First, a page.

Journal article

Hospital presentations for self-poisoning during COVID-19 in Sri Lanka: an interrupted time-series analysis

Duleeka Knipe, Tharuka Silva, Azra Aroos, Lalith Senarathna, Nirosha Madhuwanthi Hettiarachchi, Sampath R Galappaththi, Matthew J Spittal, David Gunnell, Chris Metcalfe, Thilini Rajapakse

LANCET PSYCHIATRY | ELSEVIER SCI LTD | Published : 2021

Abstract

BACKGROUND: There is widespread concern over the impact of public health measures, such as lockdowns, associated with COVID-19 on mental health, including suicide. High-quality evidence from low-income and middle-income countries, where the burden of suicide and self-harm is greatest, is scarce. We aimed to determine the effect of the pandemic on hospital presentations for self-poisoning. METHODS: In this interrupted time-series analysis, we established a new self-poisoning register at the tertiary care Teaching Hospital Peradeniya in Sri Lanka, a lower-middle-income country. Using a standard extraction sheet, data were gathered for all patients admitted to the Toxicology Unit with self-pois..

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Grants

Awarded by Wellcome Trust


Awarded by Australian Research Council Future Fellowship - Australian Government


Funding Acknowledgements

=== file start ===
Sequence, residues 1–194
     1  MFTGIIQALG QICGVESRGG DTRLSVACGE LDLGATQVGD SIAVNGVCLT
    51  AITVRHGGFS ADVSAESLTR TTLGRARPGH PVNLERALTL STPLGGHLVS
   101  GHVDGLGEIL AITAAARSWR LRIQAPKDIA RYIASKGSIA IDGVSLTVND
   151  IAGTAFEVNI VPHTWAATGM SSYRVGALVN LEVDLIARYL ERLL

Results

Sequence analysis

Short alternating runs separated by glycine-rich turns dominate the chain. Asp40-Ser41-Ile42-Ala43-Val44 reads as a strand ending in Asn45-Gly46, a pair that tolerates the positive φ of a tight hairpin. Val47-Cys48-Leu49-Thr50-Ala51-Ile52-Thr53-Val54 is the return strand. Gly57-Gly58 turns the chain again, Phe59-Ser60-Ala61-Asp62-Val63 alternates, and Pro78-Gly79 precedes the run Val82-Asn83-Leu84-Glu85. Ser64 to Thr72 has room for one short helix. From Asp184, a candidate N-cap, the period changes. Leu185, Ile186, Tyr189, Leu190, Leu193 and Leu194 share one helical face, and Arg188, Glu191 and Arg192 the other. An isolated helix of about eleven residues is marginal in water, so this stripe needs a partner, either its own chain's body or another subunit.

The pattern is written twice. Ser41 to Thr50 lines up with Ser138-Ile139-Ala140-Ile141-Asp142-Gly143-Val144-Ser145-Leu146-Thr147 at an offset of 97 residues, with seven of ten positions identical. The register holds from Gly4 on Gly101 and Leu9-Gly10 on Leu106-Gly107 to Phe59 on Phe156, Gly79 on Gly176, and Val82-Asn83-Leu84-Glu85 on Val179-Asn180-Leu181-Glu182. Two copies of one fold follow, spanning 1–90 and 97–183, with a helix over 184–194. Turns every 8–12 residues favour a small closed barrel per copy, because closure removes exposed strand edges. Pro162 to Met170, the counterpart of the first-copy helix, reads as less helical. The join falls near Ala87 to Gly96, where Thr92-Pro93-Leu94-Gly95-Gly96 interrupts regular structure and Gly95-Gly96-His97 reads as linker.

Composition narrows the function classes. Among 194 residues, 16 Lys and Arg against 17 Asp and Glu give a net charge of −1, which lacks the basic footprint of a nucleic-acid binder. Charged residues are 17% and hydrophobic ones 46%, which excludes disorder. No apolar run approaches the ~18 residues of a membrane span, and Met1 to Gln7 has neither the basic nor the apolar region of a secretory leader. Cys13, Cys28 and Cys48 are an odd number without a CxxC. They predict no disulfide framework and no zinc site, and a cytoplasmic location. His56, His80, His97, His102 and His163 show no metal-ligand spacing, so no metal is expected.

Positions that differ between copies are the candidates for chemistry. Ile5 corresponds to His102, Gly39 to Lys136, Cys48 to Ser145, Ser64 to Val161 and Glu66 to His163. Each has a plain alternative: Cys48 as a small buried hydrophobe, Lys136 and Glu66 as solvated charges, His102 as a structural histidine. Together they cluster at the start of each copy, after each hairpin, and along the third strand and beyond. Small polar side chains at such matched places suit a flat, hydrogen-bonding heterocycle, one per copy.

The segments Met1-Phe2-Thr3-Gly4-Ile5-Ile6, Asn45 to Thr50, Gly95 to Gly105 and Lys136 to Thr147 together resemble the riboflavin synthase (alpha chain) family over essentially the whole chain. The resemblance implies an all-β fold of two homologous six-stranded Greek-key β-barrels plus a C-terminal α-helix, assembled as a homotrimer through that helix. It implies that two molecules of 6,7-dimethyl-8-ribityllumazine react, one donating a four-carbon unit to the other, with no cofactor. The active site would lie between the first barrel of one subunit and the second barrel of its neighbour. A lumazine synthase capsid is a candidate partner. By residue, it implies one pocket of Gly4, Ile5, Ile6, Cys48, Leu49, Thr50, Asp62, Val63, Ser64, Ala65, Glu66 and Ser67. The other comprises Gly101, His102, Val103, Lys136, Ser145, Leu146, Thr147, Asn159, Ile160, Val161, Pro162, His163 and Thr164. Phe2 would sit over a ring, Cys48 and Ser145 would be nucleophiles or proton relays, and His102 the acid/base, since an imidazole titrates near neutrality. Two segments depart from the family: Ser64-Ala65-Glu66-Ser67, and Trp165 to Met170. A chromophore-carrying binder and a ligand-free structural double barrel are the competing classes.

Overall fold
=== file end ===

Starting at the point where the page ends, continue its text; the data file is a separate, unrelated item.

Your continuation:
This work was supported by the Centre for Pesticide Suicide Prevention and the Global Public Health strand of the Elizabeth Blackwell Institute for Health Research, which is funded by the Wellcome Trust and University of Bristol's Quality Related Global Challenged Research Fund strategy. The Centre for Pesticide Suicide Prevention is funded by an Incubator Grant from the Open Philanthropy Project Fund, an advised fund of the Silicon Valley Community Foundation, on the recommendation of GiveWell (San Francisco, CA, USA) . DK was supported by the Wellcome Trust through an Institutional Strategic Support Fund Award to the University of Bristol (204813) and the Elizabeth Blackwell Institute for Health Research University of Bristol. DG is supported by the NIHR Biomedical Research Centre at University Hospitals Bristol and Weston NHS Foundation Trust and the University of Bristol. MJS is a recipient of an Australian Research Council Future Fellowship (project number FT180100075) funded by the Australian Government. The authors acknowledge the support of the South Asian Clinical Toxicology Research Collaboration (SACTRC) and the SACTRC research team for the study. In particular, we thank W U Jayarathna (SACTRC) for her support in responding to reviewers, and J F Mirza (senior registrar in the Department of Psychiatry at Teaching Hospital Peradeniya) for the Tamil translation of the abstract. We also thank the staff of the Toxicology Unit, Teaching Hospital Peradeniya, Sri Lanka, for facilitating data collection.